New weight-loss pill shows promise

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by Catherine Holland

azfamily.com

Posted on April 12, 2011 at 11:37 AM

Updated Tuesday, Apr 12 at 12:04 PM

PHOENIX – A new weight-loss pill that experts call promising could soon be up for approval by the Food and Drug Administration.

It’s called Qnexa and many believe it could be a breakthrough in the treatment of obesity.

Qnexa is a combination of Topomax, a medication for migraines, seizures and drug addiction, and phentermine, an amphetamine that has been widely used as a weight-loss drug for several years. Both drugs are already approved by the FDA for specific uses.

While Dr. Art Mollen still advocates diet and exercise as the best way to lose weight, he said the concept behind Qnexa is interesting.

A recent article in “Archives of General Psychiatry” suggested that patients who are extremely obese might not be getting the best results with diet and exercise alone. The piece suggested that overeating could be an additive behavior and should be treated as such. That’s where the Topomax comes in.

Qnexa is not the first obesity treatment to combine two drugs. The Fen-phen diet, popular in the ‘90s, combined fenfluramine and phentermine. Fen-phen was later linked to potentially deadly problems, including valvular heart disease and pulmonary hypertension. By 2004, Fen-phen was no longer widely available.

According to a study sponsored by the pharmaceutical company that makes Qnexa, the high-dose version of the drug resulted in an average weight loss of about 22 pounds over the course of a year. The loss reportedly is twice as large as that achieved with Orlistat, marketed as Xenical, the only approved long-term anti-obesity medication. Orlistat is available over the counter as Alli.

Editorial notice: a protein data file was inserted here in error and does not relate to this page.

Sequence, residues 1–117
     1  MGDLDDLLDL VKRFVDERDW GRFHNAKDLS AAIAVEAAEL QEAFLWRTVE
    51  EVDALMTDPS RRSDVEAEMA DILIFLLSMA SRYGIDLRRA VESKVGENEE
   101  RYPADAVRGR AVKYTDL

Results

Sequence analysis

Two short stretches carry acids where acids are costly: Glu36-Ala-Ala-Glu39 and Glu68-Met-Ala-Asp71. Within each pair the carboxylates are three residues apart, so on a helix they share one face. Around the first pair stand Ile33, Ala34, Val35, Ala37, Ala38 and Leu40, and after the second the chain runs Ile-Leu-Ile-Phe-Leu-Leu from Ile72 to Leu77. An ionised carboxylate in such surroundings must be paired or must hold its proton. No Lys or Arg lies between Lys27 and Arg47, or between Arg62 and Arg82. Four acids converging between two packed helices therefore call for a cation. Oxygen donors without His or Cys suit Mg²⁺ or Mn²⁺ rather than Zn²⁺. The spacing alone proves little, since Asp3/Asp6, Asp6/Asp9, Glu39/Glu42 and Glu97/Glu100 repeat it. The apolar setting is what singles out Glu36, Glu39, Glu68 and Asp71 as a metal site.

A low-dose version of Qnexa result in an 18-pound drop over the same time period. Those who took part in only a counseling program lost 3 pounds.

According to researchers, Qnexa also appeared to have a positive impact on obesity-related issues such as high blood pressure and high cholesterol.

The most common side effect reported by study participants were dry mouth, paresthesia (a feeling of "pins and needles"), constipation, insomnia, dizziness, and distorted taste.

Results of the Qnexa study was published online in the April 11 issues of The Lancet.

Mollen said Qnexa was refused FDA approval in October, but the manufacturers are hopeful that it will gain approval in the relatively near future. The rejection was issued because of a lack of data regarding the risk of birth defects and heart problems.

Some have expressed concerns about the side effects of Topomax. According to the manufacturer, the side effects are mild, but not everybody agrees.

“People who have been on Topomax are not real proponents of this particular drug by itself,” Mollen said. “When combined with an amphetamine, there may be some issues. The jury is still out.”

It’s not clear when California-based Vivus Inc. will resubmit Qnexa for FDA approval.

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